Ben Hinton, project manager for Trees Dispensary stores, arranges edible marijuana products in the company’s dispensary on Bowen Road in Nanaimo Wednesday. Island Health wants to educate dispensaries and enforce regulations concerning edibles being sold.

Ben Hinton, project manager for Trees Dispensary stores, arranges edible marijuana products in the company’s dispensary on Bowen Road in Nanaimo Wednesday. Island Health wants to educate dispensaries and enforce regulations concerning edibles being sold.

Island Health has no appetite for marijuana edibles

Authority will take action on marijuana dispensaries that sell food items such as brownies.

Pot dispensaries run the risk of action from Island Health if they continue to sell marijuana edibles, according to the health authority’s top medical health officer.

Marijuana-infused food, from cookies, to candies, brownies and chocolate bars have appeared on the menus of Nanaimo dispensaries but Island Health is now making it clear that preparing, selling or distributing the edibles is not allowed.

Island Health banned the sale of marijuana edibles at Victoria’s Gorge Medijuana Dispensary after environmental health officers responded to a complaint about sanitation in the customer service area and that it was selling edible products. It’s through that process that the health authority learned several other dispensaries are also selling edible marijuana products, according to an e-mailed statement.

The health authority has not issued any other letters or notifications to other dispensaries within its jurisdiction as of Tuesday, but will follow up with them and if they’re selling edibles, will request they comply with the Public Health Act, it says.

The issue is the act’s food premises regulation that requires all ingredients used in the preparation of food for sale to be from an approved source, which the marijuana used in the production of edibles from these dispensaries are not, according to Dr. Richard Stanwick, chief medical health officer.

He plans to do education first, with a general information bulletin. Action would be on a complaint basis, but Stanwick said if dispensaries continue to sell there’s a risk Island Health could take action against them. He said the health authority would try to work with the operator, but has tools at its disposal, starting with a ticketing process and moving up to a court order to cease and desist selling the product.

“At this juncture we really don’t know where the marijuana is coming from and that given that there is legislation concerning food safety we basically have an obligation to make the operators aware and if there are complaints, we will probably respond,” he said, Stanwick. “This does not preclude them, for example, selling it in pill form or as a distillate. We are not interested in trying to regulate the marijuana field. It just happens that the edibles cross paths with provincial legislation when it’s provided as a food stuff.”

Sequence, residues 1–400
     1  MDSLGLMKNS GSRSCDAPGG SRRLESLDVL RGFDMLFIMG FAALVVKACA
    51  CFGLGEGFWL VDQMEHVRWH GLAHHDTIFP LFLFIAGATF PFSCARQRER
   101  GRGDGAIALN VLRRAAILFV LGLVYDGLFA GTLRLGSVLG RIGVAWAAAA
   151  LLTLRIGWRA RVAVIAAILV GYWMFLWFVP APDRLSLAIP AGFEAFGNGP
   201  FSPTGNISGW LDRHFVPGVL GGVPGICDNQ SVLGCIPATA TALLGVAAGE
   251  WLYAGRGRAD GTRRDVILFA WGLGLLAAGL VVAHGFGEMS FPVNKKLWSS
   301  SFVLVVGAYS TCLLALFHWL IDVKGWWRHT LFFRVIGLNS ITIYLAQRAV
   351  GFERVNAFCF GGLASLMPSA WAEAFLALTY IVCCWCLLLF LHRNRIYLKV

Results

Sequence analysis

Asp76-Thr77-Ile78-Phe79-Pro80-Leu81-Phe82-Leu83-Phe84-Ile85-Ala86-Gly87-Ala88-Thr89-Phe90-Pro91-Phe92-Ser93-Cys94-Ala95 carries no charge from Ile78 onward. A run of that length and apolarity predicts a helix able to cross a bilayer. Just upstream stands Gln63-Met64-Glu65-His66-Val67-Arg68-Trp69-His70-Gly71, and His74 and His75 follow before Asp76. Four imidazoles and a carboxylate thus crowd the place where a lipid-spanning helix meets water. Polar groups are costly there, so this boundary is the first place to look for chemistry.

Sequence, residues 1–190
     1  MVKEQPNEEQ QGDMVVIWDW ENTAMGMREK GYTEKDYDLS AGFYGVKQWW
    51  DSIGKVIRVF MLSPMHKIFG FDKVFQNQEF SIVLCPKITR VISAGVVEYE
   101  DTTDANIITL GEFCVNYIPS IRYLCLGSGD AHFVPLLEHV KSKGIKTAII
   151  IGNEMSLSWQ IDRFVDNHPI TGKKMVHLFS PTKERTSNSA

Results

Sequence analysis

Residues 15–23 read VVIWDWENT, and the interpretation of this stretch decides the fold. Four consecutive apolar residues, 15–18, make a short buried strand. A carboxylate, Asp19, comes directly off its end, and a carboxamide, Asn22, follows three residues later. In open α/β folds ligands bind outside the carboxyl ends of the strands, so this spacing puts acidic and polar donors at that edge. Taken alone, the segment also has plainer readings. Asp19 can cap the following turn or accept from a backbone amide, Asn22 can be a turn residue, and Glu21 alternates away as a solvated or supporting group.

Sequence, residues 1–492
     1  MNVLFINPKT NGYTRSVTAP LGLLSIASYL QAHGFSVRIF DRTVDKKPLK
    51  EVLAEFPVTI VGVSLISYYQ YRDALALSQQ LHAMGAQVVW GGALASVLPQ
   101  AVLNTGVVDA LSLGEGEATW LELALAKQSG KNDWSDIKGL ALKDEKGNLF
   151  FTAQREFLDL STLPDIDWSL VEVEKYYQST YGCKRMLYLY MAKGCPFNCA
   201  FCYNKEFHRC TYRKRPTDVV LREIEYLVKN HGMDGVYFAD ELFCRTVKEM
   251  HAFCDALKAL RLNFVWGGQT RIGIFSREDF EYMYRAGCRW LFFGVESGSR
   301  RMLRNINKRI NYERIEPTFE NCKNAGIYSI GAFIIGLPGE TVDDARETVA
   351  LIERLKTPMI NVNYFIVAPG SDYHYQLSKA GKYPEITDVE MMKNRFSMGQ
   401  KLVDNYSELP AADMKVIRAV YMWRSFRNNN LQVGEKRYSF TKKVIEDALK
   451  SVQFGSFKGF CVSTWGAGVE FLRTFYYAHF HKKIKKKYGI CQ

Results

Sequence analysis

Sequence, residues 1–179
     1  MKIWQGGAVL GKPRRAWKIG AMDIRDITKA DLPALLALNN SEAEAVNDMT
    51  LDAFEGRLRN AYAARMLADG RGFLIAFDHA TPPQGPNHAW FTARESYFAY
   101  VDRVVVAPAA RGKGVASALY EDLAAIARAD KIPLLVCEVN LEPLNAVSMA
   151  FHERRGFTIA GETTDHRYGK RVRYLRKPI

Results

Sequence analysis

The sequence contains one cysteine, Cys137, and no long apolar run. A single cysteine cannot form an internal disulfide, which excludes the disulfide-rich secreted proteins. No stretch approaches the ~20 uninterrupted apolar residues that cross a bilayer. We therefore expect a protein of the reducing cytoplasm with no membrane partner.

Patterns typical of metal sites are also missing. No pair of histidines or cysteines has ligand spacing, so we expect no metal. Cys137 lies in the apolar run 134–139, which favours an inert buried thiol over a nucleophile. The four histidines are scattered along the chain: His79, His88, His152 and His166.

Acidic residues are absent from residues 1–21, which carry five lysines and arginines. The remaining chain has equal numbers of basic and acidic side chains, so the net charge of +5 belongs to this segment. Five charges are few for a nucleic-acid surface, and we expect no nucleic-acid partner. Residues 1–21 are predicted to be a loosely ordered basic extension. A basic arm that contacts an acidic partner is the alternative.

Stanwick said Island Health is not trying to victimize an industry, but that these are the regulations and “it is an awkward situation.” He points to Nanaimo, where there is a federally sanctioned operation that could produce marijuana that, were it to be secured and put into edible products, Island Health would have no trouble with because it meets the requirements of an approved source. The catch, Stanwick said, is that a facility is producing marijuana that could be used in edibles but not allowed to sell it or supply it to the dispensaries.

Alex Robb, community liaison for Trees Dispensary, told the News Bulletin it sells a fair amount of edibles, estimating it’s 30 per cent of retail and he said they have high standards, with employees trained in Foodsafe, regular checks of freezers and fridges and high labelling standards.

He calls it a difficult situation because there is concern some producers of edibles are not providing accurate dosing and following standards of a commercial bakery or kitchen, but there are also operators that are doing those things. Island Health has not differentiated and has no means right now to differentiate between different operators, he said.

Trees Dispensary is waiting for direction from Island Health and will stop selling edibles when told it can no longer do so, but Robb said the dispensary is pressing Island Health and the province for an inspection regime for facilities that do process cannabis into a food ingredient so certain operations can be approved and that there’s standards to ensure goods are produced in a safe and healthy way.

Island Releaf Medicinal Cannabis Boutique in Nanaimo also offer edibles, like candies, cookies and chocolate bars. Eighty per cent of clients don’t want to smoke cannabis, said manager Sheina Criss.

“They are saying that we need to do this in an authorized commercial kitchen, but Vancouver Island Health Authority will not authorize a cannabis kitchen because it’s not legal anywhere, so again they’re taking control their own way,” she said.

That Island health is following up with dispensaries about edible products and requesting compliance with the Public Health Act is a good thing in that they’re getting a hold of edibles, according to Criss, but she said what matters most is where the edibles come from – if it’s from people doing it professionally out of a commercial kitchen or someone doing a “guessing game” and baking a cake in their house and bringing it into a dispensary, which she said is not acceptable.

“There’s a lot of people that have put their heart and soul into it and they do a wonderful job, and there’s many people out there that really, really won’t be able to function without these things … they need their edibles,” she said.

If she was ordered to stop selling edibles she said she’d probably have to talk to her legal counsel.

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Nanaimo News Bulletin

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